The Catholic Church seems to have a patron saint, or defender, for just about every group of people. For farriers and blacksmiths, this is St. Eloy.
St. Eloy is known by many different names, including St. Eligus, St. Eloi, St. Eloie, St. Aloi, St. Alo, St. Lo, St. Loye, St. Loo and St. Euloge. He was born around 588 in France and died Dec. 1, 660.
Dec. 1 is considered the feast day for the saint. In fact, there are many French farriers today who still regard this day as a holiday and celebrate by not shoeing a single horse.
Patron Saint of Many Professions
While St. Eloy, whose emblem is the horseshoe, is perhaps best known as the patron saint of farriers and blacksmiths, he also is considered the patron saint of goldsmiths, taxi drivers and mechanics, which is not really that strange, as these other professions all deal with metal work and repairing and maintaining modes of transportation.
According to the Catholic Saints website, St. Eloy became the patron saint of taxi drivers and mechanics as technology evolved and the world progressed past horses and horse-drawn carriages as the popular modes of transportation.
St. Eloy was made the patron saint of farriers and blacksmiths, thanks to a popular legend about him shoeing the severed leg of a horse. The legend says that one day, St. Eloy was trying to shoe a particularly difficult horse, a horse that acted as if he had the devil in him.
To make the horse easier to shoe, St. Eloy cut the leg off of the horse and proceeded to shoe the detached leg. When he was finished, the saint reattached the leg to the horse by simply making the sign of the cross. Other versions of the story maintain that Jesus came to Saint Eloy and aided him in replacing the severed leg.
It is doubtful that St. Eloy would recommend that others try this horseshoeing feat. In some versions of the legend, St. Eloy is said to have been very proud and boastful of his skills at the forge and in shoeing, causing Christ to appear before him as a stranger and ask St. Eloy to accomplish a feat of horseshoeing that no man could accomplish. The stranger removed the leg of a horse, shod it and then replaced the leg without harming the horse.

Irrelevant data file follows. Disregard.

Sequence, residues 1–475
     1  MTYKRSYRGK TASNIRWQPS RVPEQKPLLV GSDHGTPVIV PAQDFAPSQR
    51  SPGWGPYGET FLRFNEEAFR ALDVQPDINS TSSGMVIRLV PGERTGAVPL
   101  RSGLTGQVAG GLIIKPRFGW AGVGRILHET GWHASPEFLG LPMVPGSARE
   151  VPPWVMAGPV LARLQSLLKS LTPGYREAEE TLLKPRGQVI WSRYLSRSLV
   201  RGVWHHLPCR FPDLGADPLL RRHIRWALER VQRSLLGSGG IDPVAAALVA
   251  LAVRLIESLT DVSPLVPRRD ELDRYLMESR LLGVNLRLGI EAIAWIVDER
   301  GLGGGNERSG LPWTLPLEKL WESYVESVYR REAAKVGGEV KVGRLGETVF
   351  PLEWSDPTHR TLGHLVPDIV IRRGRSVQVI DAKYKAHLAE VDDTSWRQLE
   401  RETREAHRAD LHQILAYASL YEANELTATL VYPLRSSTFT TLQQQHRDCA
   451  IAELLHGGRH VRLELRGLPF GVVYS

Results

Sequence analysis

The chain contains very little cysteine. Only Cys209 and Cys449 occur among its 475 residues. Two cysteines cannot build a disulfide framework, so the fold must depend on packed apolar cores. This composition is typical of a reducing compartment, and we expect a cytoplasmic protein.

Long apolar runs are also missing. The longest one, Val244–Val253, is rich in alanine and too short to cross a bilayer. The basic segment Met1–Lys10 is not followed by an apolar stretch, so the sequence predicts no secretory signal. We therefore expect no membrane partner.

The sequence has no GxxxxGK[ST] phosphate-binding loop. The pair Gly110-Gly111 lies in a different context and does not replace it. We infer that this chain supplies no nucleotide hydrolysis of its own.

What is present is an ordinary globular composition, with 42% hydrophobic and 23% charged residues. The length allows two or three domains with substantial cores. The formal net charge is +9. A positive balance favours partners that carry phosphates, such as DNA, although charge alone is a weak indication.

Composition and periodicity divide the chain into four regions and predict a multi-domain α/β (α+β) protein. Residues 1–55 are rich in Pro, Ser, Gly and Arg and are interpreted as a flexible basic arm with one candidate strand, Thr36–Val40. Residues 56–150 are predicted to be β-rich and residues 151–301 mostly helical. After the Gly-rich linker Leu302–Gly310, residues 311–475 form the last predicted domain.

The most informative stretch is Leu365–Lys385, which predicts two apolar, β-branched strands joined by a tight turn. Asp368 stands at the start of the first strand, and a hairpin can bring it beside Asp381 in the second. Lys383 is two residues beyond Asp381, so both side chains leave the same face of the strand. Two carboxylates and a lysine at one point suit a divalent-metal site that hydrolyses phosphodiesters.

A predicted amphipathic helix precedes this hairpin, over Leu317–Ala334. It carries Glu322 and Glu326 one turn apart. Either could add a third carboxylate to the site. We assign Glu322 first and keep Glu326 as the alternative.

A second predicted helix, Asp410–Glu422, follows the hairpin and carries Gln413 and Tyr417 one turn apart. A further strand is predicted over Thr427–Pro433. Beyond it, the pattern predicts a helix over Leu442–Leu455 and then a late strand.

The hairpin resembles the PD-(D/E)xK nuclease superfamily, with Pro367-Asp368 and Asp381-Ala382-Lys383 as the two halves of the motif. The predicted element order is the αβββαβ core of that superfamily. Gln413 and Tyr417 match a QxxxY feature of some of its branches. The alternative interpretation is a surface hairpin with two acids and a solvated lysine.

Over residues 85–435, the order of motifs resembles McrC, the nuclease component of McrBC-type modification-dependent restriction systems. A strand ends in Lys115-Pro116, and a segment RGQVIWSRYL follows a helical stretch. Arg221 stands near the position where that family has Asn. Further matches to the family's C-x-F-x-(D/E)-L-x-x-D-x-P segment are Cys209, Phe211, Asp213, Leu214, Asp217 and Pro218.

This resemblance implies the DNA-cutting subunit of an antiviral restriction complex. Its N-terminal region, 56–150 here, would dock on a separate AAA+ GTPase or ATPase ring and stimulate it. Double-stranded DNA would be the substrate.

St. Eloy was so confident in his skills that he tried to follow the stranger's example and chop the leg off a horse and then shoe it. His attempt was far less successful than the stranger's and Christ revealed himself to save the life of St. Eloy's horse, now bleeding to death from having its leg severed. In doing this, Christ is said to have taught St. Eloy to be more humble.
Though there is little doubt that St. Eloy did exist, it is doubtful that many of the stories relating him to farriery, horseshoes and blacksmithing are true. Both the saint's popularity and legends grew after his death, with his fame rising to an all-time high in the middle ages when, according to Henry Heymering in his book, On the Horse's Foot, Shoes and Shoeing, "farriery was so highly esteemed that at the court of the Dukes of Burgundy, on St. Eloy's day, a piece of silver plate was given to the individual who shod the ducal horses."
Heymering writes in his book that St. Eloy and his legendary shoeing often are depicted in art from the middle ages. "A 14th century work shows St. Eloy shoeing a horse whose leg he first removed, then restored unharmed. A 13th century stained glass window depicts St. Eloy holding the devil by the nose with a pair of pincers.
Many Saintly Virtues
There are many stories attesting to St. Eloy's virtues. He was known for his craftsmanship and honesty, which Heymering writes he illustrated when he was asked to make a golden saddle, and for the price and cost of one saddle, made two.
The saint also is known for his wealth and charity because, as Heymering writes, "It is often said that he wore only silk embroidered in gold, but that he also gave much money to the poor and fought for the rights of slaves."
Heymering writes, "St. Eloy w ould buy 20 to 100 or more slaves at a time only to set them free and then assist them with their choice of returning home; working with him; or becoming monks."
The next time you are shoeing a horse, remember St. Eloy and his honesty, charity and humility, and even though it may sound tempting, try not to rip off any legs in order to shoe a difficult horse.